NASHVILLE, Tenn. — “Adulting” was not going great for Tia Freeman. She had lost her scholarship at the University of Tennessee and enlisted in the Air Force. As she finished training to be an analyst, she got pregnant despite being on birth control.
Both her parents worked, so the child care they could provide was limited. Day care would have eaten most of her paycheck. And even at age 20, Freeman knew that as a Black woman she would have more difficulty climbing the economic ladder than some other women would.
So she had an abortion.
“I’m at the bottom of the military rank system. I barely have enough to support me,” Freeman, now 26, recalled thinking at the time. “I knew this wasn’t going to be the kind of lifestyle that I would want to provide for a family.”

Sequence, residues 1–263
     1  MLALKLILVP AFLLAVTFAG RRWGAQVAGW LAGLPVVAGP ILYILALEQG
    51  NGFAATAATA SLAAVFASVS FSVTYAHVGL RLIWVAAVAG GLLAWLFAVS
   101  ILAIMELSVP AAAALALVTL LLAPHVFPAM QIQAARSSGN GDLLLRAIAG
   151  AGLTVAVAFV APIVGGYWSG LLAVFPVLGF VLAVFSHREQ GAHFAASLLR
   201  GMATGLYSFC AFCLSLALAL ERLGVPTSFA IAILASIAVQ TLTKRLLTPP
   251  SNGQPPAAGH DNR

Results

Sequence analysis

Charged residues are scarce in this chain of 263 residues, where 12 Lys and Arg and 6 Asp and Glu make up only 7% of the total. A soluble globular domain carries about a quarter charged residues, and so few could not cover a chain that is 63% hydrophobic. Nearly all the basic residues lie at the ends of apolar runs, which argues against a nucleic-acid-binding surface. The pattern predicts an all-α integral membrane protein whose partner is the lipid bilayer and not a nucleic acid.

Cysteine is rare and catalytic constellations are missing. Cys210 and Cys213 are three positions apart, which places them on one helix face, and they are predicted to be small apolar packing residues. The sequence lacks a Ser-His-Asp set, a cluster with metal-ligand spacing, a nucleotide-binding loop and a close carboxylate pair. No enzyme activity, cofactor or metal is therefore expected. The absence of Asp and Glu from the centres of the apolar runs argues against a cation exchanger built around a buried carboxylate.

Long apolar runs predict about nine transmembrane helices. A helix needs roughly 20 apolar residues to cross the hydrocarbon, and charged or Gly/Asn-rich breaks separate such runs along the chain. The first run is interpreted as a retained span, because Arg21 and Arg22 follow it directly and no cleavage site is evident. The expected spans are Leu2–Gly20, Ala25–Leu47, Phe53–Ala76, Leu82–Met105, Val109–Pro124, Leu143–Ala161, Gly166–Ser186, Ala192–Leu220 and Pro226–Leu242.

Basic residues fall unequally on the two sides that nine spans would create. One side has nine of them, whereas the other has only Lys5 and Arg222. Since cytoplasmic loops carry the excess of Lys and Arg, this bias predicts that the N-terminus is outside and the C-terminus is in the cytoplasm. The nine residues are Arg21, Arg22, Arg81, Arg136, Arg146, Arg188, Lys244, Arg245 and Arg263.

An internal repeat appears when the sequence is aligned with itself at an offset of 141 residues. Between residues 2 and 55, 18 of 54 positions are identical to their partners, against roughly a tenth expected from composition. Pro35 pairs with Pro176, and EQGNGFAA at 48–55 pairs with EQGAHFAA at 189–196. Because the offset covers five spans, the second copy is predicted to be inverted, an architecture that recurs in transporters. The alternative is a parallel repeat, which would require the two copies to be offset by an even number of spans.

Black women disproportionately use abortion services across much of the South — where access is largely set to vanish if the Supreme Court this term overturns its 1973 Roe v. Wade decision. And the consequences may be as much a risk to their economic opportunities as their health.
The Supreme Court is expected to issue a decision soon in a case about a Mississippi law that bans most abortions after 15 weeks. A draft opinion that was leaked suggests that a majority of the justices may be willing to overturn Roe.
In the Mississippi case, Dobbs v. Jackson Women’s Health Organization, 154 economists and researchers signed on to an amicus brief that cited more than a dozen studies showing the gains made by people when abortion is accessible. Those who have abortions to delay motherhood by even just one year realized an 11% bump in their hourly wages later in life, according to a study cited. They’re also more likely to finish college and even more likely to land a professional career.